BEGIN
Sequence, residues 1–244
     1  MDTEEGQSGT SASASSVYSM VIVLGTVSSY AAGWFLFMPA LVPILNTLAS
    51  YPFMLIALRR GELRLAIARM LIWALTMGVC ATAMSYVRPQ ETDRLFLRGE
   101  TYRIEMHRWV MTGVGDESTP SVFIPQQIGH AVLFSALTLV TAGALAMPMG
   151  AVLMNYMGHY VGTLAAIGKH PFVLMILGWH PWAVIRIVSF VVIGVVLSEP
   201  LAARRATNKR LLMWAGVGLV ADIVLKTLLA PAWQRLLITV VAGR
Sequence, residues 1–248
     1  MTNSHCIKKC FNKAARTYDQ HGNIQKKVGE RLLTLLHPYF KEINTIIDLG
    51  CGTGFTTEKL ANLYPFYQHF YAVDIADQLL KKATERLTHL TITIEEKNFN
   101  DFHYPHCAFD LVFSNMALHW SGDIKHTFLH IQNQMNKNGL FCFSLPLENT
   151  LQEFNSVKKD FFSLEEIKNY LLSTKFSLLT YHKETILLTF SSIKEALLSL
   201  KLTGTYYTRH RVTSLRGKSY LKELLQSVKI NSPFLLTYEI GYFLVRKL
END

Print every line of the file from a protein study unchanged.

Sequence, residues 1–244
     1  MDTEEGQSGT SASASSVYSM VIVLGTVSSY AAGWFLFMPA LVPILNTLAS
    51  YPFMLIALRR GELRLAIARM LIWALTMGVC ATAMSYVRPQ ETDRLFLRGE
   101  TYRIEMHRWV MTGVGDESTP SVFIPQQIGH AVLFSALTLV TAGALAMPMG
   151  AVLMNYMGHY VGTLAAIGKH PFVLMILGWH PWAVIRIVSF VVIGVVLSEP
   201  LAARRATNKR LLMWAGVGLV ADIVLKTLLA PAWQRLLITV VAGR
Sequence, residues 1–248
     1  MTNSHCIKKC FNKAARTYDQ HGNIQKKVGE RLLTLLHPYF KEINTIIDLG
    51  CGTGFTTEKL ANLYPFYQHF YAVDIADQLL KKATERLTHL TITIEEKNFN
   101  DFHYPHCAFD LVFSNMALHW SGDIKHTFLH IQNQMNKNGL FCFSLPLENT
   151  LQEFNSVKKD FFSLEEIKNY LLSTKFSLLT YHKETILLTF SSIKEALLSL
   201  KLTGTYYTRH RVTSLRGKSY LKELLQSVKI NSPFLLTYEI GYFLVRKL